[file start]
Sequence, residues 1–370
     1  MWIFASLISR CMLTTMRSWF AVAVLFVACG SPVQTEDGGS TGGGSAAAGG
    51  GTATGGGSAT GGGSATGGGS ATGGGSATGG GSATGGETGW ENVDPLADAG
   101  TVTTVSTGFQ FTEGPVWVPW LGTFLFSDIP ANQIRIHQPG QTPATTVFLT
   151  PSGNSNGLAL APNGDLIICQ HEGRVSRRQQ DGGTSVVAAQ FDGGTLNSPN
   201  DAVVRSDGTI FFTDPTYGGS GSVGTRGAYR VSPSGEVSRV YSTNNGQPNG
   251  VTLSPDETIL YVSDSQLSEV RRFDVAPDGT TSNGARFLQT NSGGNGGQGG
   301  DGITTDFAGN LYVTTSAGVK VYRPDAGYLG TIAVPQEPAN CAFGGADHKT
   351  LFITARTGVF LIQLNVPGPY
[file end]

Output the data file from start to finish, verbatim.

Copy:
Sequence, residues 1–370
     1  MWIFASLISR CMLTTMRSWF AVAVLFVACG SPVQTEDGGS TGGGSAAAGG
    51  GTATGGGSAT GGGSATGGGS ATGGGSATGG GSATGGETGW ENVDPLADAG
   101  TVTTVSTGFQ FTEGPVWVPW LGTFLFSDIP ANQIRIHQPG QTPATTVFLT
   151  PSGNSNGLAL APNGDLIICQ HEGRVSRRQQ DGGTSVVAAQ FDGGTLNSPN
   201  DAVVRSDGTI FFTDPTYGGS GSVGTRGAYR VSPSGEVSRV YSTNNGQPNG
   251  VTLSPDETIL YVSDSQLSEV RRFDVAPDGT TSNGARFLQT NSGGNGGQGG
   301  DGITTDFAGN LYVTTSAGVK VYRPDAGYLG TIAVPQEPAN CAFGGADHKT
   351  LFITARTGVF LIQLNVPGPY